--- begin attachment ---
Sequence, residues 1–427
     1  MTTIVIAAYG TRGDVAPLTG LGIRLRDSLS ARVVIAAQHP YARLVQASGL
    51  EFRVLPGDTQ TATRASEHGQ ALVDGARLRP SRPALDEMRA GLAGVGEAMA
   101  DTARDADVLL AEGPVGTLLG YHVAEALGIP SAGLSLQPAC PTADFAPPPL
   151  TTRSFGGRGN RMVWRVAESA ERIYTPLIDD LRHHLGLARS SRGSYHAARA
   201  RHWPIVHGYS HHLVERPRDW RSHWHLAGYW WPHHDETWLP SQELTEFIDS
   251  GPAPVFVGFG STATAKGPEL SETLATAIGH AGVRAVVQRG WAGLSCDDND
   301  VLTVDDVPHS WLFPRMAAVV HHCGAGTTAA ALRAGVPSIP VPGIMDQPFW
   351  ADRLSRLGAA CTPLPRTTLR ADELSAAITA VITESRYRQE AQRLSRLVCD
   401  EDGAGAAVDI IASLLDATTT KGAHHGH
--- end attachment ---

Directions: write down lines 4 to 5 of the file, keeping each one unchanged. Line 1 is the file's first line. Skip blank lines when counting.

   101  DTARDADVLL AEGPVGTLLG YHVAEALGIP SAGLSLQPAC PTADFAPPPL
   151  TTRSFGGRGN RMVWRVAESA ERIYTPLIDD LRHHLGLARS SRGSYHAARA